The polarity, dipole moment, polarizability and hydrogen bonding of a solvent determines what type of compounds it is able to dissolve and with what other solvents or liquid compounds it is miscible. Generally, polar solvents dissolve polar compounds best and non-polar solvents dissolve non-polar compounds best: "like dissolves like". Strongly polar compounds like sugars (e.g. sucrose) or ionic compounds, like inorganic salts (e.g. table salt) dissolve only in very polar solvents like water, while strongly non-polar compounds like oils or waxes dissolve only in very non-polar organic solvents like hexane. Similarly, water and hexane (or vinegar and vegetable oil) are not miscible with each other and will quickly separate into two layers even after being shaken well.
Polarity can be separated to different contributions. For example, the Kamlet-Taft parameters are dipolarity/polarizability (π*), hydrogen-bonding acidity (α) and hydrogen-bonding basicity (β). These can be calculated from the wavelength shifts of 3–6 different solvatochromic dyes in the solvent, usually including Reichardt's dye, nitroaniline and diethylnitroaniline. Another option, Hansen's parameters, separate the cohesive energy density into dispersion, polar and hydrogen bonding contributions.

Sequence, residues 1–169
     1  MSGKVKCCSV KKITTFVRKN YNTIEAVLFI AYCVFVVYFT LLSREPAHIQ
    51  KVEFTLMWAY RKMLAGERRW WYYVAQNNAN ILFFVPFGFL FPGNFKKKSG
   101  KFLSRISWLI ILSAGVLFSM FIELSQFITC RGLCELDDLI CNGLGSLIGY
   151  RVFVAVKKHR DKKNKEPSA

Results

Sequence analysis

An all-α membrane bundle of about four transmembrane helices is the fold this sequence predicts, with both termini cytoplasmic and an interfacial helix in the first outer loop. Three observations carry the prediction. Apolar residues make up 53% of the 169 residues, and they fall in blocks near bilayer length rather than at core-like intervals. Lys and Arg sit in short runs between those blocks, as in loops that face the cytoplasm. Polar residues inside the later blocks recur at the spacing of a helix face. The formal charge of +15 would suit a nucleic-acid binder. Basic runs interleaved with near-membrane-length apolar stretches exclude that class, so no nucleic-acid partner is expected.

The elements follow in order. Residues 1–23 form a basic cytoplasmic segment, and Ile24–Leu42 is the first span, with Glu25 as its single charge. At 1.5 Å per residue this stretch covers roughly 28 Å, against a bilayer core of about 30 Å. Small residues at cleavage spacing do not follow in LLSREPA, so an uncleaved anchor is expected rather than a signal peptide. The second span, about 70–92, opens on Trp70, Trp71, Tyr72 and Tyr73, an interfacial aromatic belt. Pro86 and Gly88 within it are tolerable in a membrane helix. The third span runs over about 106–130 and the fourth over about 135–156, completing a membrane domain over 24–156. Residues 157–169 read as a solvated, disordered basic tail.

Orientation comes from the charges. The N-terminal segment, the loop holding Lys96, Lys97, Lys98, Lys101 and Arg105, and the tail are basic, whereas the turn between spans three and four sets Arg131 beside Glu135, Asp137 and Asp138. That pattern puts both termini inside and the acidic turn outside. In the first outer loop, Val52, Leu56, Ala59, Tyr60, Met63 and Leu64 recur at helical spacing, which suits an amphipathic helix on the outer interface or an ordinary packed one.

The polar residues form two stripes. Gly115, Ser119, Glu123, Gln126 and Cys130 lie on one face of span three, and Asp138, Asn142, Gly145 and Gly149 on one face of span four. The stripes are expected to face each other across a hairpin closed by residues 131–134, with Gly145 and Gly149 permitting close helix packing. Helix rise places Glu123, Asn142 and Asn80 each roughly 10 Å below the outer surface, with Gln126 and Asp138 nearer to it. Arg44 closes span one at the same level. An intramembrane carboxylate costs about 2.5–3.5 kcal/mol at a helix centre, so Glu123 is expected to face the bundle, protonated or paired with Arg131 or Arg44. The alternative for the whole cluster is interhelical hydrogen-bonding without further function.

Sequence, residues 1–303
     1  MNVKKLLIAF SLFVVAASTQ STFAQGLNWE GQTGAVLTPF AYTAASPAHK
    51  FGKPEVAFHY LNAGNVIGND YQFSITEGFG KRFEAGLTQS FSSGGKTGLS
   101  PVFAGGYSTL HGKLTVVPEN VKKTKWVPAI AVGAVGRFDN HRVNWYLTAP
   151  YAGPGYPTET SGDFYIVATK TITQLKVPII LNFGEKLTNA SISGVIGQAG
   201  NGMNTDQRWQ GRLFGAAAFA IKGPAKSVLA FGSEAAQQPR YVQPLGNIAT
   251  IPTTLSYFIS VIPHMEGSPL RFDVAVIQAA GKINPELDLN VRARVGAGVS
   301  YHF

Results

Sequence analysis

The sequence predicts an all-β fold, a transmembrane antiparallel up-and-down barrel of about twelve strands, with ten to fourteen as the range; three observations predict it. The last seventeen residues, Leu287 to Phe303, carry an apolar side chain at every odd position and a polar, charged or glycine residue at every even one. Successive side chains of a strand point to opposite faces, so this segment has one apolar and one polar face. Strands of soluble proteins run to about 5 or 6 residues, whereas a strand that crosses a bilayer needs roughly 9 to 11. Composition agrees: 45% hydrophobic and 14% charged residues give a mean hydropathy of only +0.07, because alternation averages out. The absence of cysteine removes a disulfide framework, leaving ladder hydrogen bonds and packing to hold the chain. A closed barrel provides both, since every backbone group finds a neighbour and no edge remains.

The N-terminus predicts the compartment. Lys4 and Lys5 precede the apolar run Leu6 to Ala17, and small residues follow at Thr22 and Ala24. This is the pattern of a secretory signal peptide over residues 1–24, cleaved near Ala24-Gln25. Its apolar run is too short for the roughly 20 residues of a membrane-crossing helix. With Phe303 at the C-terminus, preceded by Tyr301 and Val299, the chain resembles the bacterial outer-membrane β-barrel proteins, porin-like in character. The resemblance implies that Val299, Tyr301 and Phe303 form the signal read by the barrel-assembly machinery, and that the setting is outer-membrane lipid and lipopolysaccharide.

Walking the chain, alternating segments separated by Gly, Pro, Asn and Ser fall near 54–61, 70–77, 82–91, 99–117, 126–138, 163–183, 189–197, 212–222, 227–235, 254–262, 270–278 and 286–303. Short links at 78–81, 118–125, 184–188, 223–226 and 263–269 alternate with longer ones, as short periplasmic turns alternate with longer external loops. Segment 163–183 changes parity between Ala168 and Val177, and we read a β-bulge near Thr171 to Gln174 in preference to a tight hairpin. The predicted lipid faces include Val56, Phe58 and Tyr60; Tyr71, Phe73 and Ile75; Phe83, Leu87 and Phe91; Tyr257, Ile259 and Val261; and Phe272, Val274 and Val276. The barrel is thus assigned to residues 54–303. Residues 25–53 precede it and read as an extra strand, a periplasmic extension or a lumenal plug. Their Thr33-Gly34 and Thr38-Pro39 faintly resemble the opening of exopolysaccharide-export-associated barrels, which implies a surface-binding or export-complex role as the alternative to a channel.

Polar protic and polar aprotic
Solvents with a dielectric constant (more accurately, relative static permittivity) greater than 15 (i.e. polar or polarizable) can be further divided into protic and aprotic. Protic solvents solvate anions (negatively charged solutes) strongly via hydrogen bonding. Water is a protic solvent. Aprotic solvents such as acetone or dichloromethane tend to have large dipole moments (separation of partial positive and partial negative charges within the same molecule) and solvate positively charged species via their negative dipole. In chemical reactions the use of polar protic solvents favors the SN1 reaction mechanism, while polar aprotic solvents favor the SN2 reaction mechanism.
Physical properties of common solvents
Properties table of common solvents
The solvents are grouped into non-polar, polar aprotic, and polar protic solvents and ordered by increasing polarity. The polarity is given as the dielectric constant. The properties of solvents that exceed those of water are bolded.